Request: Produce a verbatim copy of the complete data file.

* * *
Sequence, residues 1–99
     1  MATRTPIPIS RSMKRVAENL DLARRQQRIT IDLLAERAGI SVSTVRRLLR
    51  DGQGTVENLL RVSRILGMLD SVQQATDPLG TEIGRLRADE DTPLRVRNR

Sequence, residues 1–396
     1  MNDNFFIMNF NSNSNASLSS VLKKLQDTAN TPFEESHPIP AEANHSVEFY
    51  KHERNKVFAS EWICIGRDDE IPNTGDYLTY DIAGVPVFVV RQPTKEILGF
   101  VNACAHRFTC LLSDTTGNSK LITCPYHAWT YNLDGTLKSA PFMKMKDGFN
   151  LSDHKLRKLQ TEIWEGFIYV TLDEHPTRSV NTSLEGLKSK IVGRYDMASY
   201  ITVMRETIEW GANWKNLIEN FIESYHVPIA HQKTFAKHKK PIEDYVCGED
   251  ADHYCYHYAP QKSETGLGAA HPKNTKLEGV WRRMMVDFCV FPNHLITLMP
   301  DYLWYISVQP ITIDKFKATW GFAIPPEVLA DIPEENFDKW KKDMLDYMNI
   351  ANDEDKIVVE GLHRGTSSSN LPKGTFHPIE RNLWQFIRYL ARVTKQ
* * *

Sequence, residues 1–99
     1  MATRTPIPIS RSMKRVAENL DLARRQQRIT IDLLAERAGI SVSTVRRLLR
    51  DGQGTVENLL RVSRILGMLD SVQQATDPLG TEIGRLRADE DTPLRVRNR

Sequence, residues 1–396
     1  MNDNFFIMNF NSNSNASLSS VLKKLQDTAN TPFEESHPIP AEANHSVEFY
    51  KHERNKVFAS EWICIGRDDE IPNTGDYLTY DIAGVPVFVV RQPTKEILGF
   101  VNACAHRFTC LLSDTTGNSK LITCPYHAWT YNLDGTLKSA PFMKMKDGFN
   151  LSDHKLRKLQ TEIWEGFIYV TLDEHPTRSV NTSLEGLKSK IVGRYDMASY
   201  ITVMRETIEW GANWKNLIEN FIESYHVPIA HQKTFAKHKK PIEDYVCGED
   251  ADHYCYHYAP QKSETGLGAA HPKNTKLEGV WRRMMVDFCV FPNHLITLMP
   301  DYLWYISVQP ITIDKFKATW GFAIPPEVLA DIPEENFDKW KKDMLDYMNI
   351  ANDEDKIVVE GLHRGTSSSN LPKGTFHPIE RNLWQFIRYL ARVTKQ